State v. Chaney, 12198

Decision Date16 January 1978
Docket NumberNo. 12198,12198
Citation261 N.W.2d 674
PartiesSTATE of South Dakota, Plaintiff and Appellant, v. Paul A. CHANEY, Defendant and Respondent.
CourtSouth Dakota Supreme Court

LeAnn Larson Finke, Asst. Atty. Gen., for plaintiff and appellant; William J. Janklow, Atty. Gen., Pierre, on the brief.

William H. Coacher, State's Atty., Sturgis, for defendant and respondent.

DUNN, Chief Justice.

The state brings this intermediate appeal from an order suppressing blood test results entered by Judge Brandenburg of the Eighth Judicial Circuit. The sole issue is whether the chemical analysis of blood taken pursuant to SDCL 32-23-10 is admissible in a case where driving is not involved and the arrest is for actual physical control of a motor vehicle when the defendant has 0.10 percent or more by weight of alcohol in his blood. We reverse and hold that the blood test results were admissible.

The facts are uncontested. Defendant was found sitting in his car alongside a highway. The car engine was running and the headlights were on. He was arrested and given the implied consent warning, and he agreed to take the blood test. The results of the test indicated a blood alcohol level in excess of 0.10 percent.

The first trial of defendant resulted in a hung jury. A new trial date was set for May 16, 1977, but the judge granted a motion to suppress the blood test results prior to that date, and the state has taken an appeal from that order.

The relevant statutes read in part as follows:

SDCL 32-23-1:

"A person shall not drive or be in actual physical control of any vehicle while:

(1) There is 0.10 per cent or more by weight of alcohol in his blood * * *. " (emphasis added)

SDCL 32-23-7:

"In any criminal prosecution for a violation of § 32-23-1 relating to driving a vehicle while under the influence of intoxicating liquor, or a violation of § 22-16-21, the amount of alcohol * * * shall give rise to the following presumptions * * *." (emphasis added)

SDCL 32-23-10:

"Any person who operates any vehicle in this state shall be deemed to have given his consent to a chemical analysis of his blood * * * for the purpose of determining the amount of alcohol in his blood, as provided in § 32-23-7 * * *." (emphasis added)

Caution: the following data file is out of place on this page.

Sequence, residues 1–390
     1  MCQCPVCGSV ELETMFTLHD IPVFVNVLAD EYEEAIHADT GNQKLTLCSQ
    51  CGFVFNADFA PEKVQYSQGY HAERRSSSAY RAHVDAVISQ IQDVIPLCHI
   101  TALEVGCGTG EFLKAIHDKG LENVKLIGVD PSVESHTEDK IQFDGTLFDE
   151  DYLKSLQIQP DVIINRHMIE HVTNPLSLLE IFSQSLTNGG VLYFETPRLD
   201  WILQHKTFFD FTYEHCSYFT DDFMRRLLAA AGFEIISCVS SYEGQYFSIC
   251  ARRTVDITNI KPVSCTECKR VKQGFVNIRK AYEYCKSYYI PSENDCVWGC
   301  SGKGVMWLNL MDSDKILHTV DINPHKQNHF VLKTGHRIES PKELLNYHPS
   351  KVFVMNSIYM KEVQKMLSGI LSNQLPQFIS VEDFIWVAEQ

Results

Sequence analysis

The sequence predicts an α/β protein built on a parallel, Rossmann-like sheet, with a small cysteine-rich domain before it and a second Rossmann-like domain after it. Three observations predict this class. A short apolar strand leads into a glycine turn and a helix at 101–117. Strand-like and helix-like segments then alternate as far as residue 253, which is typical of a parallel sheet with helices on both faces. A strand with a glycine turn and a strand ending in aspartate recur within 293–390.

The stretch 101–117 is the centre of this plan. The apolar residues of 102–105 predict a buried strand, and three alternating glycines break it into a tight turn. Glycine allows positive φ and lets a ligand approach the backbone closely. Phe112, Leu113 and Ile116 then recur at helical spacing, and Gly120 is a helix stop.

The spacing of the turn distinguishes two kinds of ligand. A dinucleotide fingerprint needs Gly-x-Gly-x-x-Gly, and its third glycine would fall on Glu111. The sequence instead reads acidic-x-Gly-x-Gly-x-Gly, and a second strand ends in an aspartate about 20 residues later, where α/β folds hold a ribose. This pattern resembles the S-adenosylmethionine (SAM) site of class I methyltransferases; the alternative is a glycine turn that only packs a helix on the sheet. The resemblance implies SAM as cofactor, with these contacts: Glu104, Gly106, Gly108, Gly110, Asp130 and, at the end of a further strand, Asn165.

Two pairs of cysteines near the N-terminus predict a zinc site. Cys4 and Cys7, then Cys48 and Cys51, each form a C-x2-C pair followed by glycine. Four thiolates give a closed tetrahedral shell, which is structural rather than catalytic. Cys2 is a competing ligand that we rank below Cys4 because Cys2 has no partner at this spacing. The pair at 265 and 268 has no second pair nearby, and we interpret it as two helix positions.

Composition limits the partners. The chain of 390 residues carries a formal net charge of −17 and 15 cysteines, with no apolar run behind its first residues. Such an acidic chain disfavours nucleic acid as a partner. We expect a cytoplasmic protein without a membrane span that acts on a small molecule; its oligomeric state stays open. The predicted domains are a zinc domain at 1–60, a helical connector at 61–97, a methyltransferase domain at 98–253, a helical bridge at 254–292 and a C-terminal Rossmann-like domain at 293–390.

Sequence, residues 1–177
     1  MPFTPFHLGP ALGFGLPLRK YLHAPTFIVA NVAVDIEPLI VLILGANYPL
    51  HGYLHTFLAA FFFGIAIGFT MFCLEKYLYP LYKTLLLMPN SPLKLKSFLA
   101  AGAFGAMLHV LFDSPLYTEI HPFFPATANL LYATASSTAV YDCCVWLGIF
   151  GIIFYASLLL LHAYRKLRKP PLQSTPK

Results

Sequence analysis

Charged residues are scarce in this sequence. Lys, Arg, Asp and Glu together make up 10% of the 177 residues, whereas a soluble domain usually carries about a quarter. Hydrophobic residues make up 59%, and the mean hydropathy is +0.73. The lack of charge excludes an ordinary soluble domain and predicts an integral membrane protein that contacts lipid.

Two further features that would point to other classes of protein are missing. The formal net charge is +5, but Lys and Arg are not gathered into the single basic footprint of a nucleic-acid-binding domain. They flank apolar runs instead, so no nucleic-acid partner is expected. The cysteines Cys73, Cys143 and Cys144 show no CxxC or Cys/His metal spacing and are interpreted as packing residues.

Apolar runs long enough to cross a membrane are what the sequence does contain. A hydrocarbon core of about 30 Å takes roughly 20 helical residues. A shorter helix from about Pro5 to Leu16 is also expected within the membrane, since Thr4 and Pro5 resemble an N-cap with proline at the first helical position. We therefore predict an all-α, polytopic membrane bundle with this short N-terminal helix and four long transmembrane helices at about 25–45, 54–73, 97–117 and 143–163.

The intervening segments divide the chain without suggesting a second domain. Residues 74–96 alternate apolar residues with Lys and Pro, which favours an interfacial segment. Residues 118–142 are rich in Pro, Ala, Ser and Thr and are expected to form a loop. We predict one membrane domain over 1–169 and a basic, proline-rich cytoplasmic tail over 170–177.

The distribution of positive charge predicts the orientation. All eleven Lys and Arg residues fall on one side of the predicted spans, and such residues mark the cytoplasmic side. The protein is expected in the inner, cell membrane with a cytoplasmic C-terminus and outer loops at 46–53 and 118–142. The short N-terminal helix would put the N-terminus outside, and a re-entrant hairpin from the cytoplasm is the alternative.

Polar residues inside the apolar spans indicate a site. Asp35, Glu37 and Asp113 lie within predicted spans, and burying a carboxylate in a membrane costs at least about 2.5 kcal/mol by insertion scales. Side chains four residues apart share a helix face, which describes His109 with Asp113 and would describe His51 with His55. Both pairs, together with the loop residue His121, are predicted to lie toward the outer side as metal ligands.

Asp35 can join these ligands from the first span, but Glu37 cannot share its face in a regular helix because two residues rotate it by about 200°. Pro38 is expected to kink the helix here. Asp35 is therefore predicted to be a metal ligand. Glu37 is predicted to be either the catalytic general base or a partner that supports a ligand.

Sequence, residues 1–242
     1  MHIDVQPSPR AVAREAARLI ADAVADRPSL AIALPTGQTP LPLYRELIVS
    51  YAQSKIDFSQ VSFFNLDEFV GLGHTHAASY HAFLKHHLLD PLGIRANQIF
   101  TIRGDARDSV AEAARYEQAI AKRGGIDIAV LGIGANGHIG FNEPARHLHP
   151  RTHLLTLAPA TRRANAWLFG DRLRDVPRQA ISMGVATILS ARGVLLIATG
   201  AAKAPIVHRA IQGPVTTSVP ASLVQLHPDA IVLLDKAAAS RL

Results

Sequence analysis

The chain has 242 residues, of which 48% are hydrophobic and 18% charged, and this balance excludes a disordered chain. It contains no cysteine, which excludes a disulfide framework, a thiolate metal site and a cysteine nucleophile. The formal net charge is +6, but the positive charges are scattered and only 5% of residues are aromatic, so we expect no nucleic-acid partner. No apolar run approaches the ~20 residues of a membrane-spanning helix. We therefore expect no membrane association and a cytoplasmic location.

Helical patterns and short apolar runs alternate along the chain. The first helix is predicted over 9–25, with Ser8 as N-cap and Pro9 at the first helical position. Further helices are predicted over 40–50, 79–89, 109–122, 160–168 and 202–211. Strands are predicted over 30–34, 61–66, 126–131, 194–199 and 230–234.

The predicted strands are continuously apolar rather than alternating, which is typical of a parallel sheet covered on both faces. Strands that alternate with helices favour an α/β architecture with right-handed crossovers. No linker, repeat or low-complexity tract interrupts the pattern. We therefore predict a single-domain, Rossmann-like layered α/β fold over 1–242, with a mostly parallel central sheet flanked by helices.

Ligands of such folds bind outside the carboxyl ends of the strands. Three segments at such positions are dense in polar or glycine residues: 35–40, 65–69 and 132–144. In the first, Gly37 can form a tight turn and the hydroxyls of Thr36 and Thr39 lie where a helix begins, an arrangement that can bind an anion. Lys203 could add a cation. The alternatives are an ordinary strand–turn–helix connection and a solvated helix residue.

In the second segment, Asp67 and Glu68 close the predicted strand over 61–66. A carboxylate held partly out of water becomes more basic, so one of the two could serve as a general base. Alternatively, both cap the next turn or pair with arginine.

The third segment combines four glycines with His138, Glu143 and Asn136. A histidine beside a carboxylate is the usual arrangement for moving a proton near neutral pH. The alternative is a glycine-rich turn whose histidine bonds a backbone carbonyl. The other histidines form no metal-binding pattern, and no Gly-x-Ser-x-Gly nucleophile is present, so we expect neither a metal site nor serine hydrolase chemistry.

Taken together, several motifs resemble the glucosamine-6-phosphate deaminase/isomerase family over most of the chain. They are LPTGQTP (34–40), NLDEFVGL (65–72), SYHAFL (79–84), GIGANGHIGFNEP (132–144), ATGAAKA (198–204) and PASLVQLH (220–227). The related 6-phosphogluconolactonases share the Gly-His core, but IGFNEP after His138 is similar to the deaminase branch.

The trial judge concluded that the phrase "as provided in § 32-23-7," which is found in SDCL 32-23-10, meant that the implied consent law related exclusively to "driving a vehicle" and not to offenses arising out of being in physical control of a vehicle. He found it significant that the offense of manslaughter, SDCL 22-16-21, was specifically included in the implied consent statute, and he stated that the legislature could just as easily have specifically included "actual physical control" within the implied consent statute if it had so intended. He indicated that he could have ruled the other way, but that he thought the question sufficiently meritorious to have the Supreme Court rule on it before the second trial began.

The defendant contends that this is not a matter for statutory construction because the words are plain and clear in their meaning. This court has ruled that ambiguity exists where the literal meaning of a statute leads to an absurd or unreasonable conclusion. Elfring v. Patterson, 1939, 66 S.D. 458, 285 N.W. 443. A literal reading of these statutes in the manner urged by the defendant would effectively prevent anyone from being convicted of being in actual physical control of a vehicle while there was 0.10 percent or more alcohol in his blood under SDCL 32-23-1(1). It would also make it very difficult for a prosecutor to obtain a conviction against a person who was under the influence of alcohol while being in actual physical control of a vehicle pursuant to SDCL 32-23-1(2). Such an absurd and unreasonable conclusion arising from a literal reading of the statutes in the manner urged by the defendant mandates a judicial inquiry into the construction of these statutes.